Before I go any further, I have to say one thing. The New York Times newspaper is beyond desperate now. They had a booth out in the food courtyard that was selling a subscription to their Sunday edition. In exchange for signing up, you would receive a KISS t-shirt. Many people were spending the outrageous price of $3.95 for the Times' Sunday paper - getting their free concert shirt - then promptly walking off laughing about how they were going to cancel their subscription. The Times is considered the paper of record for all liberals, and is the official bible of the Democrat Party. If you think you're going to appeal to a KISS / Motley Crue fan base to increase your subscription base, you've got to be out of your mind. Instead of the N.Y. Times working this crowd, it was the other way around. For Gene Simmons and Paul Stanley, however, it was just another revenue stream they were more than happy to take in.
After that amusing discovery, and more people watching, the stagehands had customized the stage for the KISS extravaganza that was about to come. When the lights finally went down, the crowd roared. It kept on cheering when guitarist Tommy Thayer launched into the familiar guitar chord opening of the KISS classic, "Detroit Rock City," as the band entered on a floating platform. From that moment that point forward, it was game on.
Like I mentioned earlier, KISS has become a family friendly affair these days. There were kids of all ages at this event, many with their faces painted to resemble the musicians on stage. And when I say kids of all ages, I'm talking about the adults as well. Again, making the pilgrimage to this show gave hundreds of parents the perfect excuse to connect with the same teen spirit that drew them to KISS in their youth. Gene did his usual blood spewing routine, and the obligatory blowing of fire from his mouth, to the delight of the real and old youngsters in the crowd. As an added twist, both Simmons and his brother from another mother, Paul Stanley, even flew above the delighted, cheering audience below to a mini-stage to perform "Love Gun". Why, the band even played a song, "Hell or Hallelujah" off their new album coming out in October.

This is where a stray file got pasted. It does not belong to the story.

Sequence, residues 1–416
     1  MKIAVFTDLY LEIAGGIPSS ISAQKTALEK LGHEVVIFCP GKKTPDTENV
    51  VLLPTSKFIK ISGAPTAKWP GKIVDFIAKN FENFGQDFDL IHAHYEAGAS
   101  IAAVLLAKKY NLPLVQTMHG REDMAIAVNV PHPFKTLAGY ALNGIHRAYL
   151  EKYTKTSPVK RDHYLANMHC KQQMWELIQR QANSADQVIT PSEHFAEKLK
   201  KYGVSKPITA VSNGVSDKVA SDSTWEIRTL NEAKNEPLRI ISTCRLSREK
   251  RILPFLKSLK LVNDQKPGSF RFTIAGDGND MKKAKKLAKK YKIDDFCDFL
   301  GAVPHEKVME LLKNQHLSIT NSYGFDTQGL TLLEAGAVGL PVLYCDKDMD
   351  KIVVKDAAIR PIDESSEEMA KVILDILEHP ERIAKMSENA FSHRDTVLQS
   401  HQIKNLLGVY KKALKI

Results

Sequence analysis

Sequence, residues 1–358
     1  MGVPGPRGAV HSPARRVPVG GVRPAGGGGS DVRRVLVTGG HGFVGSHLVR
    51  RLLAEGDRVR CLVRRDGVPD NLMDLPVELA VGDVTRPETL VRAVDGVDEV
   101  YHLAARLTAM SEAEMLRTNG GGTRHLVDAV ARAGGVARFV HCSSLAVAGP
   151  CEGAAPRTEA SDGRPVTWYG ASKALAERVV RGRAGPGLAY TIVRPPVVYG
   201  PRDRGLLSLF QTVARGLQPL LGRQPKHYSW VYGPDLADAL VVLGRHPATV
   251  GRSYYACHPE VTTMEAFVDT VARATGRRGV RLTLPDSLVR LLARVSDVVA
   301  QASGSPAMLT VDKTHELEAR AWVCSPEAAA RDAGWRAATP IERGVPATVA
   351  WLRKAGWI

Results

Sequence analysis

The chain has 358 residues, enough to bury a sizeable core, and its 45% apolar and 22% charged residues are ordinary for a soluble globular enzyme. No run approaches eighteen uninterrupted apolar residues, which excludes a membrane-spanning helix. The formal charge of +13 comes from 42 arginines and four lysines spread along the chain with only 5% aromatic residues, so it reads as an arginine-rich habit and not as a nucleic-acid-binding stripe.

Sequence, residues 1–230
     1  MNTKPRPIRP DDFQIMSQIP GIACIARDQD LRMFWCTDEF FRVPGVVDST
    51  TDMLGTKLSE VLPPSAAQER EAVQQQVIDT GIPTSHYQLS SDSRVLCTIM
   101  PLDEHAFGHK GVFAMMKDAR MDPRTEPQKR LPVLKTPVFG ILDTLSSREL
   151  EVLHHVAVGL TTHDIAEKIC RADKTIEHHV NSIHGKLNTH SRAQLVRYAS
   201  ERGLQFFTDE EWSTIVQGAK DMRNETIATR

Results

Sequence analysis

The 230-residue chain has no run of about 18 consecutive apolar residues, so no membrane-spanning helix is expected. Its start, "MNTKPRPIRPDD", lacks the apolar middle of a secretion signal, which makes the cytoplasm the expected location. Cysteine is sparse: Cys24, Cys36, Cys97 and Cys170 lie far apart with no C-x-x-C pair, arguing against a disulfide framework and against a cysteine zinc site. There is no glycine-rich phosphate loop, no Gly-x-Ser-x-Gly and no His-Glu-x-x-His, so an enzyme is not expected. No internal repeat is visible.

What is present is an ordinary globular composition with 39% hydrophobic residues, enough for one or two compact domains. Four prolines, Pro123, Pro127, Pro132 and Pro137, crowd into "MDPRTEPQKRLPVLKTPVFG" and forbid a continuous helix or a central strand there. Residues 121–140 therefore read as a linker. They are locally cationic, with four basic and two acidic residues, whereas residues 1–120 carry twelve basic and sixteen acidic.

This KISS / Crue tour is interesting not because of the combination - well, okay it is - but for the extra mile Gene and Paul have gone to monetized the situation. They are offering a special VIP package at every show for $1250 per individual. This special deal gives a fan special access to the group. For those willing to go the extra monetary mile, KISS is going to make it worth your while. First, you are guaranteed a ticket in the first ten rows. You also get picture and autograph sessions with the entire band. Your gift bag includes custom guitar picks, T-shirts, an 18K gold-plated KISS ring and your very own private concert with the band. These sound check gigs range anywhere from 5 - 10 songs, depending on how the band is feeling that day. And they aren't pulling any punches on the material they play either. Many of the tunes are true KISS classics like "Cold Gin", "Beth", "Strutter", "Christine Sixteen", "Calling Dr. Love", "Deuce" and "Hotter Than Hell". Depending on which songs they play, it's guaranteed those tunes will not appear on the general set list the band performs later that evening. So, the bottom line is this. If you're willing to shell out the dough, Paul and Gene will definitely put on a show.
As I alluded to earlier, the KISS of yesterday has gone through a tremendous transformation as far as image is concerned. This band was once considered an X-rated, hell-raising, anti-religious abomination. In today's reality, KISS has become a kinder, gentler group that many consider has real family values. Again, I tip my hat to Gene Simmons for pulling off the remarkable Houdini act. The funny thing about the new perception is this. There never was a compromise on this band's part to change who they are. They've been doing the exact same schtick for 40 years and are now beloved icons.
There will never be another KISS. It took a special type of genius to put together this creation for the long haul. It is also took a special group of musicians to write the lyrics and create the music to stand the test of time. Is KISS the band it once was? Cosmetically yes, musically no! And honestly, that's all this crowd cared about was the past. In more ways than one, KISS has become a generational love affair to be shared and passed on. No one musical entity will ever do it better in our lifetime. And for that reason alone, this band has every reason to 'shout it out loud!'